£440,000 research funding for next-generation sea mine disposal
21 Jul 2021 12:37 PM
Sea mine disposal could be transformed using an innovative technique that is being researched by Dstl (Defence Science and Technology Laboratory).
The concept has received funding worth £440,000 from the Defence Innovation Unit to develop a working prototype and aims to provide a valuable capability for the Royal Navy, enabling minefields to be cleared more efficiently and quickly. Clearing minefields quicker will enhance freedom of operation without increasing risks to the disposal team.
Delivered underwater by a Remotely Operated Vehicle (ROV), Dstl’s Pulse Dart comprises a metal spike and tube. The spike penetrates the hard outer shell of the ordnance, where an electrical charge is applied to initiate the ordnance with the operative a safe distance away.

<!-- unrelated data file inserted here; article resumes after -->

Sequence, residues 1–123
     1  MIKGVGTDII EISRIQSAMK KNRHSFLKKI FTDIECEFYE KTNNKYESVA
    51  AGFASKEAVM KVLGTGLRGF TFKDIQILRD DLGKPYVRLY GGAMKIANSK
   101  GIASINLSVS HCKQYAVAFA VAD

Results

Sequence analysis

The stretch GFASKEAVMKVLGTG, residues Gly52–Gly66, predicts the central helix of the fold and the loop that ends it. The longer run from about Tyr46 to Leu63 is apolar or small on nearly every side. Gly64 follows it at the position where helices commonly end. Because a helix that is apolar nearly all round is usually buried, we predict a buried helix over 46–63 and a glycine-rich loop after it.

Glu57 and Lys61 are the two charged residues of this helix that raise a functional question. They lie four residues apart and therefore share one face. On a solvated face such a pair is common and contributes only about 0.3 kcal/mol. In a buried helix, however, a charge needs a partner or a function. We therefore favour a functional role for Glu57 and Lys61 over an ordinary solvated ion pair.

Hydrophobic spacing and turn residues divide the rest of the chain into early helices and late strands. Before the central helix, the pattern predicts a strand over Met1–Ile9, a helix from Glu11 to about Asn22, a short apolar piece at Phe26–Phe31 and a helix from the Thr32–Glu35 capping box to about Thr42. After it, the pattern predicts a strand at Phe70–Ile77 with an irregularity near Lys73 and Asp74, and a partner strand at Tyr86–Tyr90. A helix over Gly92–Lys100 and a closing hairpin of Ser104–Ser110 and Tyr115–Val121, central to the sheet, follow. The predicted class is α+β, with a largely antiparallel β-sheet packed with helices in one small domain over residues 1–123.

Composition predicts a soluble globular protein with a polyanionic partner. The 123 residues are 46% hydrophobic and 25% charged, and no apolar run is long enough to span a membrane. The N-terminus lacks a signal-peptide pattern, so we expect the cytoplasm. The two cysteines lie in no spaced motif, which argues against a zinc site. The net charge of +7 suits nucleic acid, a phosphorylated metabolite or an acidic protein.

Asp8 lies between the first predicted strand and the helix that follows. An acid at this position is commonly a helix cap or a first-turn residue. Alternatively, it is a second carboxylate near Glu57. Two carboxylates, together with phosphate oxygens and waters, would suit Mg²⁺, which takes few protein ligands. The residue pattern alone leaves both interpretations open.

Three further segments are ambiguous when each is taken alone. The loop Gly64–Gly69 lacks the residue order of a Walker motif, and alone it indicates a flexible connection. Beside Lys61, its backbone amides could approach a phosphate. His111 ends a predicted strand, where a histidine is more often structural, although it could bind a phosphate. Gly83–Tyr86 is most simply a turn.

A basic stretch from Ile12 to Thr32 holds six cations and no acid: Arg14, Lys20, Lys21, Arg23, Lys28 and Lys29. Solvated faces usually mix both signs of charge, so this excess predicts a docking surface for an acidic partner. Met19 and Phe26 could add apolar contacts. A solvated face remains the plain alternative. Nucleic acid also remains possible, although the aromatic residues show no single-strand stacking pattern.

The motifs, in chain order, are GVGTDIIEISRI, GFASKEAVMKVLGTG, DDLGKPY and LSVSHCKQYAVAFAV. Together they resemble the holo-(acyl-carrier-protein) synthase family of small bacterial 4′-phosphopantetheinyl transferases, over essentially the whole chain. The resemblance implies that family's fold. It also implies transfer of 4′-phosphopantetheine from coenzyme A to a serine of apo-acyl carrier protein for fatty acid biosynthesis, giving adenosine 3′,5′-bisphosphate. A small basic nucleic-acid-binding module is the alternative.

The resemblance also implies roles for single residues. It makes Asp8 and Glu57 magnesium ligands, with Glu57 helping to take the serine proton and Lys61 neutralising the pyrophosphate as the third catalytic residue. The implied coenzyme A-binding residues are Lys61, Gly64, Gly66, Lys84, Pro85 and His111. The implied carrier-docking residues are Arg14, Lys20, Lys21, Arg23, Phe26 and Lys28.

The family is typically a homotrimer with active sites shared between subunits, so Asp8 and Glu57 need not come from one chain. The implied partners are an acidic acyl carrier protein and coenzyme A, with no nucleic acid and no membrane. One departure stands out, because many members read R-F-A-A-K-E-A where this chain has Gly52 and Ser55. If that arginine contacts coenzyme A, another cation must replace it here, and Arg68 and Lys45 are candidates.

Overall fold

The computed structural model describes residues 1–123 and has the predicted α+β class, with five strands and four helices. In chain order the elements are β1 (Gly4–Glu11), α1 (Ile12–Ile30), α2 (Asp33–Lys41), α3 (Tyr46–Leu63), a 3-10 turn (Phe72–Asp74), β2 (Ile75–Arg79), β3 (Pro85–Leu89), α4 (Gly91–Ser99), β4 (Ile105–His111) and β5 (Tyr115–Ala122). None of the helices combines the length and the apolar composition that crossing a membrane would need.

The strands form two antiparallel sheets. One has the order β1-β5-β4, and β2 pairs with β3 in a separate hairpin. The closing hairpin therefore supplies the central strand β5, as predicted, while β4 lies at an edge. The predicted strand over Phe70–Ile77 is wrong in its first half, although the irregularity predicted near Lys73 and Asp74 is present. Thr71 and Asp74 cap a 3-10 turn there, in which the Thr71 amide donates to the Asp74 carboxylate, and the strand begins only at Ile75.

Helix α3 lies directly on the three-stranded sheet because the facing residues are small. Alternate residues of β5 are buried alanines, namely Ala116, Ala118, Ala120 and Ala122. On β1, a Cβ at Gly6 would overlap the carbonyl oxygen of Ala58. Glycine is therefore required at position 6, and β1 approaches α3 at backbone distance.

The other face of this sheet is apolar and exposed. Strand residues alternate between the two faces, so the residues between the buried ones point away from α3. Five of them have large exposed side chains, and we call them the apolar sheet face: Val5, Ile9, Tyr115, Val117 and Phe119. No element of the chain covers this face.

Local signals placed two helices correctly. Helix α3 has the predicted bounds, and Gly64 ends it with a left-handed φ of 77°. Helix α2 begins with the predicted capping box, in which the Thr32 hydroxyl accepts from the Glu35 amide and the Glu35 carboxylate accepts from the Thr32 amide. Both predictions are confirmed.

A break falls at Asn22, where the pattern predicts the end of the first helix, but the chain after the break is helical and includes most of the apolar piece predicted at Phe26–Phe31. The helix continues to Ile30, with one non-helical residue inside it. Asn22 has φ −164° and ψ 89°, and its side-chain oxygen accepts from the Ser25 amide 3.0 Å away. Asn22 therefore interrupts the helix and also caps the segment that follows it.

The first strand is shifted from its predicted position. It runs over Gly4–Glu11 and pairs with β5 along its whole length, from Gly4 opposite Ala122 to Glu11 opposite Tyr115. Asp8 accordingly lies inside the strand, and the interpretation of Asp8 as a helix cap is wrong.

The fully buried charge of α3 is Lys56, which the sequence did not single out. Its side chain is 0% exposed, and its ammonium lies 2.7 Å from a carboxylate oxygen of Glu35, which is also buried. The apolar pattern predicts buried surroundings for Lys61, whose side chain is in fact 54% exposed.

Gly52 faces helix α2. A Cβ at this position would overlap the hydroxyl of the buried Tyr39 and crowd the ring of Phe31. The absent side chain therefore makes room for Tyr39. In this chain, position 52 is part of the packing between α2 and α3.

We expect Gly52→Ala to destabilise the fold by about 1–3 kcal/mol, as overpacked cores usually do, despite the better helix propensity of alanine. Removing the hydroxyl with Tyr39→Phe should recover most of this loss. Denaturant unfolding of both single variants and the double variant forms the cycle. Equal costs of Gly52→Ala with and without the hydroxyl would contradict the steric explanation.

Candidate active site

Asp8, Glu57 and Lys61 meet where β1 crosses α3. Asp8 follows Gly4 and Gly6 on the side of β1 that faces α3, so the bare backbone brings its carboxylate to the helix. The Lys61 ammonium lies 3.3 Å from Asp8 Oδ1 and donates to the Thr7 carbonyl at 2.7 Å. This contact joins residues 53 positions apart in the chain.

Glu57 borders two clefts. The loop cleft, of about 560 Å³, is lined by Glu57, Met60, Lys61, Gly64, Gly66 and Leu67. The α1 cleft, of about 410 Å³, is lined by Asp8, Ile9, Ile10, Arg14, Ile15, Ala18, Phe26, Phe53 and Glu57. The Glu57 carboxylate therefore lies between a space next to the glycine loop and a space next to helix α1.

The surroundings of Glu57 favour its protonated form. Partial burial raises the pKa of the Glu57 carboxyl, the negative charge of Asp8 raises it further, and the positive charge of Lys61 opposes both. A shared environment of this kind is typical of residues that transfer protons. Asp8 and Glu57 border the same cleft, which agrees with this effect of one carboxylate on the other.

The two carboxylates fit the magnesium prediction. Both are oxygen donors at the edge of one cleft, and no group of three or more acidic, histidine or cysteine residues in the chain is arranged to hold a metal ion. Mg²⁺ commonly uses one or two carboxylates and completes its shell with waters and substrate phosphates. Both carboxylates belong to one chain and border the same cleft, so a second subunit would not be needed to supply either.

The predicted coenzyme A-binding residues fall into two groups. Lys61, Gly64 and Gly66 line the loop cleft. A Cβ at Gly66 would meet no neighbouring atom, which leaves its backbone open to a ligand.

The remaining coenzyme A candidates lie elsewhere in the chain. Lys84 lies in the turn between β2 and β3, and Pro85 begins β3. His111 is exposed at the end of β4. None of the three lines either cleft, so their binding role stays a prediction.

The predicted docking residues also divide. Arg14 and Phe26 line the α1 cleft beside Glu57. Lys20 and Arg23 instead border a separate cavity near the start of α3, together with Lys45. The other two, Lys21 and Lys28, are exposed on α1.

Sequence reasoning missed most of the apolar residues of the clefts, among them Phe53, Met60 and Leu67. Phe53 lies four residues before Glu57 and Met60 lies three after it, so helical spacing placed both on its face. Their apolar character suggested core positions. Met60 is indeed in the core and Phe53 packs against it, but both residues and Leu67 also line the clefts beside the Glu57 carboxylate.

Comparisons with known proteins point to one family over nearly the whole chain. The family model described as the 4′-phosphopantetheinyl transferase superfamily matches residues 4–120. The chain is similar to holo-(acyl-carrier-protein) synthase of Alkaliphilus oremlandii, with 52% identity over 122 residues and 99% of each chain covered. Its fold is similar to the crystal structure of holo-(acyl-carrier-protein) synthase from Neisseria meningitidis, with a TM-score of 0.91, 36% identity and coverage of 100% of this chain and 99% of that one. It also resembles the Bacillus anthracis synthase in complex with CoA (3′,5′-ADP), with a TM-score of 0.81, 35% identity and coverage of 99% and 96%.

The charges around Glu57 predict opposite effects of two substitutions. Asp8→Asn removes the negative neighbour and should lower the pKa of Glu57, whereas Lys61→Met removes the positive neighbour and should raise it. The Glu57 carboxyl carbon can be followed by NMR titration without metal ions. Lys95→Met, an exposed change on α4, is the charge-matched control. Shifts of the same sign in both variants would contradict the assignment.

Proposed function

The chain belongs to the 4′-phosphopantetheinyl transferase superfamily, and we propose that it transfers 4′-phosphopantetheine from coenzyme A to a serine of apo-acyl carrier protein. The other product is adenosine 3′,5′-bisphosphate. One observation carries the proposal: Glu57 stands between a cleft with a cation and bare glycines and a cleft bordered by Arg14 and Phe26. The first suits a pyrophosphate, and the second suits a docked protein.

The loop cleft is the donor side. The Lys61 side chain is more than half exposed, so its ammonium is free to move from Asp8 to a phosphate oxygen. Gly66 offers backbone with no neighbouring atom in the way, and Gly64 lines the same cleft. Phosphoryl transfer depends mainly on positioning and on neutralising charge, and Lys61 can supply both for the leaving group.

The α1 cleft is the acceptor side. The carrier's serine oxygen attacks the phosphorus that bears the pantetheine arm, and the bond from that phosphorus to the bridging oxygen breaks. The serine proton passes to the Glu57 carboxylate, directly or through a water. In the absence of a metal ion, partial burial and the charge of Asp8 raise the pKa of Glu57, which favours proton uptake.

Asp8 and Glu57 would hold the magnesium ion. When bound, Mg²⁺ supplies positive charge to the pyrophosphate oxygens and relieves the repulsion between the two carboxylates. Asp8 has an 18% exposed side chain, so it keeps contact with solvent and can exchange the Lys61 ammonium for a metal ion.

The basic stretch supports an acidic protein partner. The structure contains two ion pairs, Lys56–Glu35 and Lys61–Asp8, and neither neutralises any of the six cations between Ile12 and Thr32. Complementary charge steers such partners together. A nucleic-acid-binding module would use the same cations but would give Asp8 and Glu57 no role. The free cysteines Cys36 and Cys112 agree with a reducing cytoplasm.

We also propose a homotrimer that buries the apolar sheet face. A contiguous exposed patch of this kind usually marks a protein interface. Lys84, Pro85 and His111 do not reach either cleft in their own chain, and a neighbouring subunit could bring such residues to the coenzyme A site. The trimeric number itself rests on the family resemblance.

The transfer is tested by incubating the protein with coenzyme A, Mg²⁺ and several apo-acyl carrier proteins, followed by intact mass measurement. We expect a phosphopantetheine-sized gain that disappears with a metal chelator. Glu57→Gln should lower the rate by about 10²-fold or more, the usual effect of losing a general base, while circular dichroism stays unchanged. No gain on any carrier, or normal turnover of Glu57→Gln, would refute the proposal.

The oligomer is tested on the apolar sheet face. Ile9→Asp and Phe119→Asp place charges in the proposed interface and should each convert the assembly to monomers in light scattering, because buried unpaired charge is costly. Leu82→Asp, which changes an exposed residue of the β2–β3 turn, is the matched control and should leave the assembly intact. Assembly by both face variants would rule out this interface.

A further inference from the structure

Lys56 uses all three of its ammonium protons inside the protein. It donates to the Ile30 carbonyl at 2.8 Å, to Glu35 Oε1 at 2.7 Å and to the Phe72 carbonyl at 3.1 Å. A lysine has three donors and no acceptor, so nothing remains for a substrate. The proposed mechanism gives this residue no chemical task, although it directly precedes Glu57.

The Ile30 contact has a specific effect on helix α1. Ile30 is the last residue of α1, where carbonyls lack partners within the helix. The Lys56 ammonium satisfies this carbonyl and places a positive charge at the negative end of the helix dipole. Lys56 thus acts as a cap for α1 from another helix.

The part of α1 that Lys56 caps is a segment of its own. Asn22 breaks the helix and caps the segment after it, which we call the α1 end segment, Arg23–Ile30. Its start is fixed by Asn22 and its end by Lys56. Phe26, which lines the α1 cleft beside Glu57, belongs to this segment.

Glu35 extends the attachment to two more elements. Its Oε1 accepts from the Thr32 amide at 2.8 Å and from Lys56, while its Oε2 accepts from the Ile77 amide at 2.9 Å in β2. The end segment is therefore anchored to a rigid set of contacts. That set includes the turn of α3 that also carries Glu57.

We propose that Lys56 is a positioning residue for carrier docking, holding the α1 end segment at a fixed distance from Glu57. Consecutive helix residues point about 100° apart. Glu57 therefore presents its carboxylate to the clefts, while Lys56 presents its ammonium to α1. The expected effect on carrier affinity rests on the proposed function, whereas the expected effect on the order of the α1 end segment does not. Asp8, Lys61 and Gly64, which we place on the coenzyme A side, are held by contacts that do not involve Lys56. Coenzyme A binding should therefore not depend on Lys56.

Mine disposal is an extremely hazardous operation and often undertaken in extremely poor visibility underwater. The Pulse Dart will remove the need for operator filled stores produced on site, reducing handling and proximity to explosives.
The Pulse Dart can reduce overall costs compared to current explosive disposal technology. As the Pulse Dart contains no explosive, moving and storing can be undertaken with minimal risk.
The Pulse Dart concept was created by Dstl scientist Peter Rushforth who won Dstl Innovator of the Year. He said:
Pulse Dart represents years of collaboration with colleagues across Dstl, the Royal Navy and industry. The additional funding will enable a working prototype to be developed by April 2023. Subject to successful trials, a design could go to industry to tender around the same time.
Dstl’s scientists and engineers have produced many notable technologies, for the benefit of UK defence and economic prosperity, and Pulse Dart’s design will be protected by Dstl’s Intellectual Property team.